I'm looking for a simple way to replace the value field in GRID format with values that I have in a csv. It would be much like doing a join, where the GRID and the csv have a FEATUREID and then getting a field value from the joined table to replace or to be displayed in the symbology, or to put it another way, these new values will be represented in the histogram for this raster? I am using arcMap to display the raster and would like the histogram to be based on a column other than the VALUE column.

  • have you tried join by attributes then calculate field? I assume your GRID has attributes built. Are you trying to update the raster cell values or the RAT definitions? Aug 28, 2015 at 0:01
  • update the raster cell values. This may work, I'll have to build a raster catalog first
    – rickD
    Aug 28, 2015 at 0:08
  • The value that is stored by the raster can't be changed directly using field calculator but the fields in the RAT can be... so long as all the values change at the same time. A raster attribute table is a lookup from values in the raster, each cell value is represented by a row in the table, as long as the value in the raster doesn't change the values in the table can be modified as any other table. Aug 28, 2015 at 0:15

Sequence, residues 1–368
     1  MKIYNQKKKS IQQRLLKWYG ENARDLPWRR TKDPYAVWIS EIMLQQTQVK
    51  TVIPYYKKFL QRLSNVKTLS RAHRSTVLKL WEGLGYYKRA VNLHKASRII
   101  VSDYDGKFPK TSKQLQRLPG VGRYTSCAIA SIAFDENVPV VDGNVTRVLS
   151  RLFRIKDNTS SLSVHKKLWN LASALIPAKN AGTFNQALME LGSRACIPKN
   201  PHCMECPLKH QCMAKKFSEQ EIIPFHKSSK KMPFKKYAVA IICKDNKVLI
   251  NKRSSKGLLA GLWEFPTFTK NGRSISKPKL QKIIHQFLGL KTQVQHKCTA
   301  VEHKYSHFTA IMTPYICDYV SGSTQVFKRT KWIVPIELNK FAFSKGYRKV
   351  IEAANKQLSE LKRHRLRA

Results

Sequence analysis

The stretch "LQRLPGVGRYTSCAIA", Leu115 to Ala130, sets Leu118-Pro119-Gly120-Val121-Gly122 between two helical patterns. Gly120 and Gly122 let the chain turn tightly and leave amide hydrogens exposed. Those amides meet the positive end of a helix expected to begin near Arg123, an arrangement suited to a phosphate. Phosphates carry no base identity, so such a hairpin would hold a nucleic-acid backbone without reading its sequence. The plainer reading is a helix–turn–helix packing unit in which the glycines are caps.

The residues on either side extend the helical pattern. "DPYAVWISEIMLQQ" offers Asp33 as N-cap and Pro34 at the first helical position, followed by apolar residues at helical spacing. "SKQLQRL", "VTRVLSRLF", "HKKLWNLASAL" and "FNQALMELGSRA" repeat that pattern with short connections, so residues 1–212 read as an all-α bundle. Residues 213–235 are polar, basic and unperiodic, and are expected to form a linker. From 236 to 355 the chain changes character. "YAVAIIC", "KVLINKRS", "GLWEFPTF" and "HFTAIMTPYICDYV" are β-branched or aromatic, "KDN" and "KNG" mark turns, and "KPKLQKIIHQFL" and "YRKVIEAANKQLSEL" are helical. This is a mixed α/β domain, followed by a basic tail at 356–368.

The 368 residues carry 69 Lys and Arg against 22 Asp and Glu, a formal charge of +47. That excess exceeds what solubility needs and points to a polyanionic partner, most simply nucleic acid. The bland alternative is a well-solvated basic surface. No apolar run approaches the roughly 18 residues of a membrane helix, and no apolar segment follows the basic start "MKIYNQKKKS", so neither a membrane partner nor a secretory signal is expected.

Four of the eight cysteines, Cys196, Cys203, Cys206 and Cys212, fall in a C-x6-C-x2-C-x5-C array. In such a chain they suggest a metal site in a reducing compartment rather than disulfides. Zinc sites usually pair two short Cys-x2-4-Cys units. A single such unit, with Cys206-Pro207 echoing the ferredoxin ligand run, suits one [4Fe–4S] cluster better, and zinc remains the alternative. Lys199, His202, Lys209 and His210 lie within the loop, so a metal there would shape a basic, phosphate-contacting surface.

• Welcome to GIS SE! As a new user be sure to take the Tour. Would you be able to edit your question to let us know what GIS software you are using to try and do this, please?
    – PolyGeo
    Aug 28, 2015 at 0:20

1 Answer 1


You need to reclassify the raster. To query by the original Grid value you can either use conditional statements in Raster Calculator or ArcPy or just look up the value in the CSV, of course.

In ArcMap you need Spatial Analyst Extension for this. If you do not have it and cannot afford it then you can try QGIS. If your reclassification is simple then use Reclassify. However, the fact that you have a CSV suggests that you might be better off with Reclass By Table. Your CSV forms the basis of your remap table. The remap table is used as a look-up-table to create a second raster whose values will be the field value (in your case) that corresponds to the featureid in the original raster. In this instance, reclassification can be considered somewhat analogous to the results of a join.

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